Dual Threat

I’ve alluded to it many times, but if you didn’t know or have never seen him play, Lamar Jackson is arguably the greatest running quarterback of all time.  Michael Vick really broke the mold first in this style, and Cam Newton continued the legacy, but Lamar has virtually perfected it.  Lamar is one of two quarterbacks to run 1000 yards in a single season, and Lamar has done it twice.  In fact, had he played a full season, he averaged to do it for a third time in a row.  In fantasy, points are hard to come by as a quarterback, so if you add rushing, they pile up that much faster.  Throughout his career, he’s never averaged less than double digits per game in rush attempts.  And last season, with less games played, he broke more tackles and had a better yards after contact ratio.


Proven Winner

Lamar Jackson has a history of reigning.  Although he’s yet to claim the Superbowl, in fantasy, we only care about the regular season.  In college, he won the Heisman Trophy, for MVP at that level, in only his sophomore season.  And fantasy managers were rewarded in his first full season in the NFL.  Lamar was so insanely good that he won the NFL MVP at only 22.  In fact, he was only the second player in league history to win the award unanimously.  There is no doubt in my mind that Lamar Jackson is the type of player who is not content unless he’s getting better every year.  When you think about making a move for a cornerstone dynasty player, what more can you ask for?



I’ll admit it, despite all his success in college, I agreed with the Ravens waiting so long to draft him. Due to his play style, there are more risks involved; not just with injury, but learning how to let the plays evolve and making the smarter decision for the long term.  Looking back now, it’s insane that Baker Mayfield, Sam Darnold and Josh Rosen went significantly higher.  Baltimore even took tight end Hayden Hurst before drafting Lamar.  It just goes to show that evaluating talent at the NFL level is not an exact science.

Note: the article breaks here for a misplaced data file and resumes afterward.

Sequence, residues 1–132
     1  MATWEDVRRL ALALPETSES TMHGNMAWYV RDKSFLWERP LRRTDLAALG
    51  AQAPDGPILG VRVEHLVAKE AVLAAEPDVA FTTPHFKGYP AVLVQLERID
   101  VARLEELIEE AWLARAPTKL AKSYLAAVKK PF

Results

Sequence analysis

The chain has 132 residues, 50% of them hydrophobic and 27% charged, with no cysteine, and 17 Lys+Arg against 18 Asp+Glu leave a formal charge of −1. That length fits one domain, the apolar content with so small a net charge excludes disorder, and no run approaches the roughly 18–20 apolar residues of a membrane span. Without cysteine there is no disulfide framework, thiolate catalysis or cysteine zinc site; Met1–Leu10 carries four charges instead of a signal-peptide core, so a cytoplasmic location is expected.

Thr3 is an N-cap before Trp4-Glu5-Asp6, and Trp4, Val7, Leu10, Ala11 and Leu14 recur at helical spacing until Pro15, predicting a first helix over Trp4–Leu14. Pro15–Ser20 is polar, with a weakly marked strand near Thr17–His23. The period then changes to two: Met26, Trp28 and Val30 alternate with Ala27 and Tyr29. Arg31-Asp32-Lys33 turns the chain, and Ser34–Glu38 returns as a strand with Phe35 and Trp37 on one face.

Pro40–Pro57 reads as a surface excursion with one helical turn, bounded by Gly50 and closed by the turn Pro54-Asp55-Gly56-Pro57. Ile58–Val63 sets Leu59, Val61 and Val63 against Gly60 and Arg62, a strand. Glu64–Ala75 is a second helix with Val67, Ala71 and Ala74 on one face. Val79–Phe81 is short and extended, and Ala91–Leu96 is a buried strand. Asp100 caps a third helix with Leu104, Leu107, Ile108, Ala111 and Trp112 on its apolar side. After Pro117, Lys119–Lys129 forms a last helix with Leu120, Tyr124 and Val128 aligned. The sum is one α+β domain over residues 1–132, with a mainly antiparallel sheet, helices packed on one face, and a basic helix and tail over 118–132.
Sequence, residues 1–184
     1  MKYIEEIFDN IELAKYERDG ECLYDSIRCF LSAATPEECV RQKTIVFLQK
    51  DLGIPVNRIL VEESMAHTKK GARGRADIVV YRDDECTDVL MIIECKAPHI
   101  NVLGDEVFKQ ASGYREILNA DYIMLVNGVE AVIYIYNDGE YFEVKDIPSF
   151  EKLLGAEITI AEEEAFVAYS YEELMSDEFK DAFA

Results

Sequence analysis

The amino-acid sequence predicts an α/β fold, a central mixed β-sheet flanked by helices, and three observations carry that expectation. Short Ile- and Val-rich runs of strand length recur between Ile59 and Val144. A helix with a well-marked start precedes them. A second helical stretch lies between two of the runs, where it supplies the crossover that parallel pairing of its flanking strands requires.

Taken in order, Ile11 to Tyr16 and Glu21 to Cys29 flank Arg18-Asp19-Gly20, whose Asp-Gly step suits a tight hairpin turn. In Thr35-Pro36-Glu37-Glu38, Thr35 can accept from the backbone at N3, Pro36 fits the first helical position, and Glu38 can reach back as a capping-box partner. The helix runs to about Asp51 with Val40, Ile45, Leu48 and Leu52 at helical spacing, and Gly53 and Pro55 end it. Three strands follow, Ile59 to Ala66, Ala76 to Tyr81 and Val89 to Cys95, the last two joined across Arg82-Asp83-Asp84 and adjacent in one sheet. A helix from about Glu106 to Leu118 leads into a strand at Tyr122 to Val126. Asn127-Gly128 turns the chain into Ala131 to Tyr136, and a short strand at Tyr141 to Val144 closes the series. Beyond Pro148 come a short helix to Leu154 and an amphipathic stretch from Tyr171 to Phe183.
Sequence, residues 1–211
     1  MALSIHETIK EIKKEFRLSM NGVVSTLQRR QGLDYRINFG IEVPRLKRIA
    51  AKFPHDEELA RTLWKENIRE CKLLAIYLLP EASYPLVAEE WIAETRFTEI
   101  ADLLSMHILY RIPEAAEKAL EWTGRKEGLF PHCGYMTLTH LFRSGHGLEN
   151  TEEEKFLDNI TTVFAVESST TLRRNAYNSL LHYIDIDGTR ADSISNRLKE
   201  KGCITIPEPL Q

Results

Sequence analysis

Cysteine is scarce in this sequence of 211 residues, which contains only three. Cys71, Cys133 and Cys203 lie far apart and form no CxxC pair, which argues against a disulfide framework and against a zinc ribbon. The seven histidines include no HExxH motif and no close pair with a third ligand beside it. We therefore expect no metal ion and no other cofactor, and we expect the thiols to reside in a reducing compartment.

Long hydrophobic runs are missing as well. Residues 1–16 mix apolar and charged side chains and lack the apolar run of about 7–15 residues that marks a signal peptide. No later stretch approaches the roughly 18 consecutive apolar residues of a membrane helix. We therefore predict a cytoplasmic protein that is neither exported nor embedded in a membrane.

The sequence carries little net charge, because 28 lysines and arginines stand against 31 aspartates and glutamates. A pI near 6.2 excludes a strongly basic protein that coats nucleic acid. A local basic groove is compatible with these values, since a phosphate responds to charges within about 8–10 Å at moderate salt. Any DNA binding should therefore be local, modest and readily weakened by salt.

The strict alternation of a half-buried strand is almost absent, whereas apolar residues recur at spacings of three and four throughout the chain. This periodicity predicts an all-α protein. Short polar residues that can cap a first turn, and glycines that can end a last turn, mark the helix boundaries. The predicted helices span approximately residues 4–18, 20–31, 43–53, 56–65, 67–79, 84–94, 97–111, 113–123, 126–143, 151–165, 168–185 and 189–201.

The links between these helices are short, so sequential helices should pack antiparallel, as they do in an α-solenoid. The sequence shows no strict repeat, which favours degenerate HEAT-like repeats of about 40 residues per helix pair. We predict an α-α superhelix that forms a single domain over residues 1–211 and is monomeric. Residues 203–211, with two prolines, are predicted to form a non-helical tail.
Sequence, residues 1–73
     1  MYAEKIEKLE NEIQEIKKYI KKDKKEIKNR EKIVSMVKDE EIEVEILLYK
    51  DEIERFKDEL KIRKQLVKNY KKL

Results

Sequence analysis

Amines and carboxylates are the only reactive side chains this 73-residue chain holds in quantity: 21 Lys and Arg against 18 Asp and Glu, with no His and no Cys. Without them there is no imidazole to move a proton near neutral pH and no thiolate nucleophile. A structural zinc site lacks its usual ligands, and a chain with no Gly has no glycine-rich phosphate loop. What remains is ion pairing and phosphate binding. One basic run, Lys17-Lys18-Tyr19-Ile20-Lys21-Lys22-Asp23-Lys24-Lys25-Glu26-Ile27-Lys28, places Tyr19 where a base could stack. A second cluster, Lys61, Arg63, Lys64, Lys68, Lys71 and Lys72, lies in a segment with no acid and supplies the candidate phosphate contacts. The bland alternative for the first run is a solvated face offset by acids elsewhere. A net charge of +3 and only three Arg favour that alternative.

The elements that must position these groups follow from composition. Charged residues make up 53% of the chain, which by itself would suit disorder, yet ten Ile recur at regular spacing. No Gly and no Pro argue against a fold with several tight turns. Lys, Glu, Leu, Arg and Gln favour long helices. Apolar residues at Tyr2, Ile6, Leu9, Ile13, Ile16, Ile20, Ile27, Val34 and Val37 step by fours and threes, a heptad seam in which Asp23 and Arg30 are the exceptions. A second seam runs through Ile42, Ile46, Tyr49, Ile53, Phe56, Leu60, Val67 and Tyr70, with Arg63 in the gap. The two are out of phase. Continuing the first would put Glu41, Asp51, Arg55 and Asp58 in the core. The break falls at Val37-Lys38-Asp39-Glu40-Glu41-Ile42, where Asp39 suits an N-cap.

Lamar Jackson is one of the best players, not only at his position, but in the entirety of the National Football League.  A truly unique specimen, Jackson is one to be sought after and envied by anyone who doesn’t have him.  I face this dilemma though.  If it were redraft, there aren’t too many quarterbacks I’d like more, but in dynasty, long term value is a considerable factor.  Rush first quarterbacks simply do not last as long as ones that are not.  I would rather have a dual threat quarterback, but at an equivalent price, I lean toward one that will last.  At his current price point in dynasty, it gives me no option than to consider selling, but the deal has to be right.  There has to be an elite quarterback gained in return, however I’m sure I can get one back with draft capital too.


.. as long as the price is right.